As we move quickly towards the implementation stages of the RDR, the FSA has come up with a set of proposals the industry can work with, although there are still many debates to be had about the details. There is also a question mark over costs, with some suggesting the FSA’s figure of £430m, plus £40m a year, is quite an underestimate.

But yesterday’s paper is a far cry from the blunt instruments put forward by the regulator in its original DP back in June 2007 which would have destroyed the industry.

One has to hope that the FSA has learnt a lot about the industry it regulates in the interim period, in particular the huge benefits to consumers and the UK economy of a healthy and vibrant IFA sector.

It now needs to ensure these lessons are put into practice in the run-up to 2012.

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Comments

There are 5 comments at the moment, we would love to hear your opinion too.

  1. RDR
    Whatever the FSA think, no-one can ‘design’ a free market. It is a grand conceit by all clever bureaucrats that the possess the monopoly of wisdom that uniquely empowers them to do so. The FSA has already failed, epically. The RDR will be equally as disasterous in ways that no-one, least of all the FSA, can foresee.

  2. Command and Control
    As Mr Farrell says the bureaucrats always think they know best. The Socialists and Communists tried their ‘Command and Control’ ideas and ruined the economies of many nations in the process. What makes the FSA think it knows better?
    At best they may put in place rules and regulations that address certain specific problems the FSA thinks it has identified. These Rules/Regs may initially appear reasonable but within months the FSA will come back for another bite. They will see the need to ‘strengthen’ or ‘fine tune’ these and they will gradually become deeply entrenched, rigid and fixed.
    This will gradually squeeze the UK Finance sector, making it much more bureaucratic and more and more like the uncompetitive European Finance sectors.
    The reason why London is the pre-eminent Finance centre it is, rest on its flexibility, the fact that it is at the centre of many different markets, its time zone, the English language, etc… etc.
    Confidence can, if it is there over long periods, support markets, BUT as we have already seen when confidence is lost it can BREAK markets OVERNIGHT.
    Like the politicians and their expenses the FSA tells us that it gets it but, like the politicians, we have yet to have the measures/solutions spelt out properly and then we will need to be convinced.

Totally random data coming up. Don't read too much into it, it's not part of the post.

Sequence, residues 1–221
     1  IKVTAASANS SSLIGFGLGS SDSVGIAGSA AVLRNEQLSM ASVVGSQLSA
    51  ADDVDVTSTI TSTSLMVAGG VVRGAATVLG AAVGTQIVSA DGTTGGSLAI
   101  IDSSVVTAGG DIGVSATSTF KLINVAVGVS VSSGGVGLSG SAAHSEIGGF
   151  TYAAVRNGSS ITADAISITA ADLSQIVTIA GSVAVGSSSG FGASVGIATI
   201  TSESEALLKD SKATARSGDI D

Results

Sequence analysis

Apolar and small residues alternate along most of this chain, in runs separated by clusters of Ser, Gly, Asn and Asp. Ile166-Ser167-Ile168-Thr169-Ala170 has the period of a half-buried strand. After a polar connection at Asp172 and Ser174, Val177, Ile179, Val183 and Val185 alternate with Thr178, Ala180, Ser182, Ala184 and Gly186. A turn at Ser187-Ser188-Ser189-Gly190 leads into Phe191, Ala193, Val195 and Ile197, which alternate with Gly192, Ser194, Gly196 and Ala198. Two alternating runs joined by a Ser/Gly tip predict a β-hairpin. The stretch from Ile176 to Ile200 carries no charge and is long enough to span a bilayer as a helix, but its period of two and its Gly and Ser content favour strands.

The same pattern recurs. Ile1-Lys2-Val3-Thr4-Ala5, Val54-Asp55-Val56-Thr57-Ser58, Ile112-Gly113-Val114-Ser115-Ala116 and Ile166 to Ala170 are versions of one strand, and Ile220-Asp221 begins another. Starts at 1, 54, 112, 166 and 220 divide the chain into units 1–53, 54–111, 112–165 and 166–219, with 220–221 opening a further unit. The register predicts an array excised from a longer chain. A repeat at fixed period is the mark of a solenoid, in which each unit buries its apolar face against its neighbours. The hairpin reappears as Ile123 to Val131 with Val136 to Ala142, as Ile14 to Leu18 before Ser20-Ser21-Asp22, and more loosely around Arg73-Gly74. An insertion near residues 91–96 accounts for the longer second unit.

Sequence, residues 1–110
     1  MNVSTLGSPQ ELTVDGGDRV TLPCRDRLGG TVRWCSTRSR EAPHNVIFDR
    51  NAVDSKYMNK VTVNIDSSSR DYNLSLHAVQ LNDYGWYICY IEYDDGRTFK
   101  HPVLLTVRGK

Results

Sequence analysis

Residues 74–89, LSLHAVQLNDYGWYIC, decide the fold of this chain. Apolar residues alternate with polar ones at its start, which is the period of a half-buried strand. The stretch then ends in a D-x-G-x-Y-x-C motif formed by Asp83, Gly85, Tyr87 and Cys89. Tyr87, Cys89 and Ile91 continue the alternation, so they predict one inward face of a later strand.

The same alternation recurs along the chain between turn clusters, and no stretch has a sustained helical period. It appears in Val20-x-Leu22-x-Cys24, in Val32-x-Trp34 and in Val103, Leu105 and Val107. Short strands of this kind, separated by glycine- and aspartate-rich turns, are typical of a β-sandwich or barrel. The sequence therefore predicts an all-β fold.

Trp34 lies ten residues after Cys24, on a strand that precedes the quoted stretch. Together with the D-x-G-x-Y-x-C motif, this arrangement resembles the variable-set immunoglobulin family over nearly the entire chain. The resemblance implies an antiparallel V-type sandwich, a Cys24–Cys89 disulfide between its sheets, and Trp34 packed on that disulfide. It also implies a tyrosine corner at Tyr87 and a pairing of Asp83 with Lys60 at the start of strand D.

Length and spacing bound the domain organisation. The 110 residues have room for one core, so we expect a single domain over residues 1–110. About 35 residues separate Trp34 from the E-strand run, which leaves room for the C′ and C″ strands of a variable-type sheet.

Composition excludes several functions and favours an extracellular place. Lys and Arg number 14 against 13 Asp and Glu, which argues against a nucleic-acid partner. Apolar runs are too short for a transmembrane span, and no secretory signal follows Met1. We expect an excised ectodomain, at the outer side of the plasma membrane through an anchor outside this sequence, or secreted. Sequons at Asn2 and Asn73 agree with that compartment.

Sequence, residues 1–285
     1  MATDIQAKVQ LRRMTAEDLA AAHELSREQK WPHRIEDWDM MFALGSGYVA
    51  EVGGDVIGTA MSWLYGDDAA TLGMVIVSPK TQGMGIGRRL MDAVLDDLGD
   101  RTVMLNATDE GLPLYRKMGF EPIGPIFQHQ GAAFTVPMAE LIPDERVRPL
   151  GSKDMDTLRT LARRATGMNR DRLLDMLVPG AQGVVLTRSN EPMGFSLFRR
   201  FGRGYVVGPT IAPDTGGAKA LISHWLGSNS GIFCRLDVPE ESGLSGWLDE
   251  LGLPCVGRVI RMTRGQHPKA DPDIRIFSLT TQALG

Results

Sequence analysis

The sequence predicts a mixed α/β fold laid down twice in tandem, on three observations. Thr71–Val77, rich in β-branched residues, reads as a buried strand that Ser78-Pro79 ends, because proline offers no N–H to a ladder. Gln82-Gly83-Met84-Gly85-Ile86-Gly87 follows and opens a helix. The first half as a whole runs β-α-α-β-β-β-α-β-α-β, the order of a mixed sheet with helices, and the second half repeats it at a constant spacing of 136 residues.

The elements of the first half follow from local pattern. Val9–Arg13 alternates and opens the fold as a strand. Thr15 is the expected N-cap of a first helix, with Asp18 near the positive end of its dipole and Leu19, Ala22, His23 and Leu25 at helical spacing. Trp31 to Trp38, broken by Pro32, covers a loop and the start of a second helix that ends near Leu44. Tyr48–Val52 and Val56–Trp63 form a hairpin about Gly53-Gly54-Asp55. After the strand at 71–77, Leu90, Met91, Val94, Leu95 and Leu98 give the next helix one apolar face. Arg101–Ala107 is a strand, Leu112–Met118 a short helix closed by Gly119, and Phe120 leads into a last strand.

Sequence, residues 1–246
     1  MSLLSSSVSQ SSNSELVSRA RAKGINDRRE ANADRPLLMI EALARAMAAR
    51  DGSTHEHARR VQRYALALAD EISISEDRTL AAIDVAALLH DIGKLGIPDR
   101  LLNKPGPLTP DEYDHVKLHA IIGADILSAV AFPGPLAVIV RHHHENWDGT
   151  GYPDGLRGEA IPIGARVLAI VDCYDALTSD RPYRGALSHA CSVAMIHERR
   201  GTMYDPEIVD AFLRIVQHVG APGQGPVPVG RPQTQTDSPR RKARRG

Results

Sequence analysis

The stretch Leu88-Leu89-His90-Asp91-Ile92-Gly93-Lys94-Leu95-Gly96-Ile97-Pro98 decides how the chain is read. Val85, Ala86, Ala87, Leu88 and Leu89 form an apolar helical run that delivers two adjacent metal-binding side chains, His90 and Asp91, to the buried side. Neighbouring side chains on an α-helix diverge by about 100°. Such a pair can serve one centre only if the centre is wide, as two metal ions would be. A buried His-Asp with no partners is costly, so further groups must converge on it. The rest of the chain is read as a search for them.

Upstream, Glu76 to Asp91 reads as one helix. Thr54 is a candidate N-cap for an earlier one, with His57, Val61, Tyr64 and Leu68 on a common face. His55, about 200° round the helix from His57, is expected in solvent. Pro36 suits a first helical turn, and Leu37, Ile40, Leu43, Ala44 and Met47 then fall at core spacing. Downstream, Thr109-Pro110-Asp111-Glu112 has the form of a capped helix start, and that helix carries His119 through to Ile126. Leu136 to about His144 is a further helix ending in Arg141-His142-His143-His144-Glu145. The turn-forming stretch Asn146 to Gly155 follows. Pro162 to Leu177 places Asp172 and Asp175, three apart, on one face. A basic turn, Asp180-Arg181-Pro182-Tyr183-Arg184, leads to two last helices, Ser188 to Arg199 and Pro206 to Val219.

3. RDR
    Q) What can possibly go wrong??
    A) Everything.

  4. RDR Editor’s comments
    It is very heartening to see the FSA tackling at last the menu of industry failings some of us worked to correct throughout the last 25 years. In particular the commission issue, which has been the intermediaries’ Achilles heel for so long. On the professionalism front, there is still scope for a PSB or single professional body which licenses and regulates individuals, leaving the FSA to concentrate on firms. This would challenge the industry to make its own creative input to standards on a much wider front than exams and ethical codes.

  5. Two views
    I think Paul’s article is very well written and I felt much as he did on first reading. My fear however remains that Steven Farrell is the one that has got it right and the Radio 4 interview of Jon Pain from the FSA on Moneybox on Saturday reinforced my feeling that the RDR is simply an attack on IFAS as the same standards will not be asked of Restricted Advisers with regard “Adviser Charging” as we as advisers charge not just for our advice, but for the admin work we do for a client and hence the latter can be lost by tied firms in the wash.
    I am not anti tied advice having spent about a third of my time advising the otehr side of the fence and I can see the grass both sides, but when you have a sythe one side and the person wielding it always seems to be an employee (former or soon to return one) of the other side, one cannot help but be cynical.
    The Retail Distribution Review has not been what the title suggests, a review of all distribution methods, it has reviewed indpendant distributiuon charges and seems to have ignored tied (now named restricted)
    Finally, as Paul has saidBut yesterday’s paper is a far cry from the blunt instruments put forward by the regulator in its original DP back in June 2007 which would have destroyed the industry.

    One has to hope that the FSA has learnt a lot about the industry it regulates in the interim period, in particular the huge benefits to consumers and the UK economy of a healthy and vibrant IFA sector.” My fear remains they have only learnt half the lessons………………………………